Fall Protection


The mission of the Scaffold & Access Industry Association (SAIA) Fall Protection Council is to make a positive difference throughout the industry for both companies and the employees of those companies in their understanding, education and application of working at height issues.

Using research, guidelines, standards and regulations to recommend the best practices possible for the safety and well being of SAIA members and non-members alike.


  • Work jointly with aerial lift manufacturers and fall protection manufacturers to come to a conclusive and definitive answer as to exactly what type of connecting device is best used in an aerial work platform.

  • Continue to educate the members of the SAIA and the industry in general on the most up to date working at heights practices and regulations.

  • Continue to develop and document standard operating procedures for different working at height applications/scenarios. 


Fall Protection
There are several ways to protect workers that are working at heights.  All too often personal fall arrest systems are automatically chosen, however the best way to identifying the proper protection is following the hierarchy of fall protection.

Eliminate the Hazard
Eliminating the fall hazard or preventing exposure to a fall hazard is the most effective control measure.  Preventing exposure may include modifying structure, isolating the worker from the hazard, changing a process, substituting equipment, or using work procedures organized in such a manner that the worker is not exposed to the fall hazard.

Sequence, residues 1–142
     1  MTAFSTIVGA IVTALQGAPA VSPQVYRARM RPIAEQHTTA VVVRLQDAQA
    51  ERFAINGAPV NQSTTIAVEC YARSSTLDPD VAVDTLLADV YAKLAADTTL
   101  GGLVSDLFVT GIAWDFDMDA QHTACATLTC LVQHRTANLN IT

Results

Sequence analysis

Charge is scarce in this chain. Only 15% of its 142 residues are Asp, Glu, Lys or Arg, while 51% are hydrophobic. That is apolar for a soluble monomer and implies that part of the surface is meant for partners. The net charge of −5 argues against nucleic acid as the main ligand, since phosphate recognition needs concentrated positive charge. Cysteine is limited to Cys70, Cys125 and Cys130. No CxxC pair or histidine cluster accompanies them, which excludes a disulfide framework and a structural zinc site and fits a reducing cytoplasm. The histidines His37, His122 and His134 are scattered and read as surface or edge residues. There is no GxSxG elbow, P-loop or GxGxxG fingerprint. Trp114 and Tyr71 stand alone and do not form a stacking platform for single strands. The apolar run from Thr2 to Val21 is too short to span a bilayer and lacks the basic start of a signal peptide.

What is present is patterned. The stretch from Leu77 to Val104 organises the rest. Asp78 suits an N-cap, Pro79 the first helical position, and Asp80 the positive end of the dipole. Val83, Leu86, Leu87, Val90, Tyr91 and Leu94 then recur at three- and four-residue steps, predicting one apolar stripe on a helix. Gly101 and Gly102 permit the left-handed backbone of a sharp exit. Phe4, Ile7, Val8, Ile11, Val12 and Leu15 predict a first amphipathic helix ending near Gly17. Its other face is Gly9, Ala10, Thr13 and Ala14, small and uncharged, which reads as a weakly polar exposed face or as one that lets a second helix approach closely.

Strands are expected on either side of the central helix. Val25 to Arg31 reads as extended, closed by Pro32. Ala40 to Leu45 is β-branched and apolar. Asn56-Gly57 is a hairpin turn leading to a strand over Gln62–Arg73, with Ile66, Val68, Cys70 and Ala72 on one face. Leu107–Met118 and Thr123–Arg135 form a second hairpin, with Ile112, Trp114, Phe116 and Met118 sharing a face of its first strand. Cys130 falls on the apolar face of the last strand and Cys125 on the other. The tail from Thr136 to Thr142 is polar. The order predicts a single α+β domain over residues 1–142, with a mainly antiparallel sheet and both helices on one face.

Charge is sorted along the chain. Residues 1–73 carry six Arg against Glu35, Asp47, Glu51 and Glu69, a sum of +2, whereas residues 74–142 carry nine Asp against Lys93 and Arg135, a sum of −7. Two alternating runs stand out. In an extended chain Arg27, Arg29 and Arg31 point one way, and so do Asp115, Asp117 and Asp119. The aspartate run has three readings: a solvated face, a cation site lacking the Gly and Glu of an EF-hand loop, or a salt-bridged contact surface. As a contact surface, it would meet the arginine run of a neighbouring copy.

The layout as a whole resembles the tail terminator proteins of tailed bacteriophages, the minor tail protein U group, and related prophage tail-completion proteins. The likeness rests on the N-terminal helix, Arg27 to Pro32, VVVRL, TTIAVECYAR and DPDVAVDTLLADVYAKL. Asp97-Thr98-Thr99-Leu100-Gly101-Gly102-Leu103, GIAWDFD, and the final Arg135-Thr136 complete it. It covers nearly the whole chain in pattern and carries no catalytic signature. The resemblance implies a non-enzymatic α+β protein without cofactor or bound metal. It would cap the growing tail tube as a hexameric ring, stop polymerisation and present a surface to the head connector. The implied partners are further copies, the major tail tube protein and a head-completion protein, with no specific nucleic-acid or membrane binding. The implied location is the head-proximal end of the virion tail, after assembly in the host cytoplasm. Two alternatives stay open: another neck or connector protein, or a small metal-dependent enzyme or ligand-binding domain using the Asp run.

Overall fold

Passive Fall Protection
Passive fall protection methods are generally considered a higher level of protection than active systems since there is little or no reliance on the worker.  Examples of passive protection include guardrails, which provide a physical barrier between the worker and the fall hazard, covers over holes which provide a load bearing barrier, scaffolds and working platforms with guardrails or barrier protection. 
Fall Restraint Systems
Fall restraint systems, involve the use of equipment assembled in such a manner that the worker cannot fall.  Restraint systems are characterized by the worker remaining on the same surface they were working on if a fall should occur.  Restraint systems do not allow a worker to free fall, therefore restraint systems do not generate the same amount of energy as fall arrest systems, reducing the risk of injury.
Active Fall Protection System
Personal fall arrest systems (PFAS) involve the use of personal fall protection equipment assembled in such a manner that an authorized person can fall.  Fall arrest systems are characterized by the worker free falling some distance and the fall being arrested by the fall protection equipment.   Fall arrest systems create additional concerns regarding the amount of force that the worker’s body will experience during the event, contacting structure and requiring rescuing the worker after the fall has been arrested.
No matter what systems are chosen, detailed education should be given to the worker ensuring that employees know how to properly inspect, use, and store the equipment. If a personal fall arrest system is chosen, education on proper fit is key in protecting the worker from further injury.

Z359 Committee Bulletin 

Harness Inspection Log 

Lanyard Inspection Log

Equipment Inspection - LANYARD DAMAGE PHOTOS

SRL Inspection Log

ANSI Z359.14-21 Inspection Graph

Becky Danielson 

Micah Turner
Trekker Group